These are the lack of full understanding about the complexity of mental health problems (Bland et al., 2009) , the poor awareness in families and community about their fundamental role in this strategy (Hungerford et al., 2017), and the absence of government plans to meet the housing demand of all those people who used to live in mental health institutions. First, the health services are trained to deal with the artificial mental illness categorization, in which drug dependency and mental disorders are separated; however, they often discover a mix of different suffering in the same individual (Green, 2003). Second, this deinstitutionalization strategy relies on a collaborative participation of community and family members to support people with mental illness to become active members of society. Instead, most of this supposed support network still has a perception of mental health problems that include danger and incompetence (Hungerford et al., 2017). Consequently, this makes it difficult for them to fully fulfil that role. Finally, a large proportion of people who lived in mental health institutions before the enactment of the new policies are now facing difficulties to get low cost housing and some of them are homeless. In fact, a study in Victoria suggests that at least 30 – 40 % of their patients do not have safe housing to live in once they are ready to be discharge from mental health facilities (Green, 2003). Given these points, effective measures that encompass the most relevant challenges that have emerged from the deinstitutionalization strategy need to be applied, and its objectives should be defined by listening to the needs of the people who have been affected.
A good starting point might be to nurture the curiosity within mental health professionals to put aside the position of spectators in situations of injustice and inequality faced by people with mental health illness (Hungerford et al., 2017). This will open the door to understanding the complexity of mental health and multiply the intervention options. These alternative methods should include strategies of promotion, prevention and early intervention (Department of Health and Aged Care, 2000). Furthermore, educational campaigns about mental health in the community can increase the awareness in the population about the crucial role that they might play in the integration of these people. Given that the beneficial effect of informative programs has been proven, the social sectors that drive them should maximise their efficiency through receiver specificity and campaign continuity (Drew et al., 2001). Similarly, it is necessary to secure a commitment from government to offer not only low-cost rental and supported housing programs, but also assistance services that can guide these vulnerable people to prevent homelessness. Even though strategies to try to avoid the early discharge of mental health facilities, when there is no stable housing, have been implemented, the cost issue forces the reduction of the hospitalization time (Green, 2003). Consequently, the understanding by the mental health professional of these complex scenarios become crucial to prevent these borderline situations. However, the governmental counterpart should also be aware about these realities to deliver comprehensive and flexible housing options (Green, 2003).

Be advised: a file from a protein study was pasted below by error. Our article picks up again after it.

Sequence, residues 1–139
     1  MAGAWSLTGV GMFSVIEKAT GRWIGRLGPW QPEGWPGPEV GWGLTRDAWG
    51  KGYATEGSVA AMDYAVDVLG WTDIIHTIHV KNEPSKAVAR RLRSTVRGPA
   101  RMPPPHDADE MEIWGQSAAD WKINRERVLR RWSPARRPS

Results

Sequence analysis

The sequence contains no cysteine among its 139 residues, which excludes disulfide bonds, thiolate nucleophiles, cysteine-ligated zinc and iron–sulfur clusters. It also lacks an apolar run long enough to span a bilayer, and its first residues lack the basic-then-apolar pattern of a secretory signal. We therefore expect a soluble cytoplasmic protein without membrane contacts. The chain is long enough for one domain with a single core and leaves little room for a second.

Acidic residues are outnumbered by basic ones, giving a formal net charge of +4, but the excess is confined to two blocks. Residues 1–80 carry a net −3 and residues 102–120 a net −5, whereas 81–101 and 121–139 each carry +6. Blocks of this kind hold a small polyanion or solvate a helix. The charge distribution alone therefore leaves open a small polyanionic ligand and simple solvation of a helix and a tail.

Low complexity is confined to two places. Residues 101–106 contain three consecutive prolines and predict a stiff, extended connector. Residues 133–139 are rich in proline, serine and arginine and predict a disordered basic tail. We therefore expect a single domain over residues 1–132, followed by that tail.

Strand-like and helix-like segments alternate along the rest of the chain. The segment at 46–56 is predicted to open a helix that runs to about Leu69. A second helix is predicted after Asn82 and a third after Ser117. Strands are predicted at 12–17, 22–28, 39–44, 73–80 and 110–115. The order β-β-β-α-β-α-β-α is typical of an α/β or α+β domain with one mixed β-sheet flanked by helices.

As can be seen, mental health care has become a central topic in Australia because of the enormous impact that mental illness causes on the personal and community development of its population (Australian Institute of Health and Welfare, 2018). Nevertheless, the traditional approach in services and support that was offered for years to people with mental illness proved to ignore the entitlements of human beings and to limit the individual potentiality (Hungerford et al., 2017). For this reason, organizations worldwide have agreed to build a new concept of mental health and to consider alternative frameworks of intervention achieving to convey this trend in most of the countries around the world (Drew et al., 2001). However, the systematic neglect of human rights in people with mental illness and its influence in social inequalities continue to be present (Bland et al., 2009), and the advances in this matter needs to be improved and directed toward community, professional and government engagement.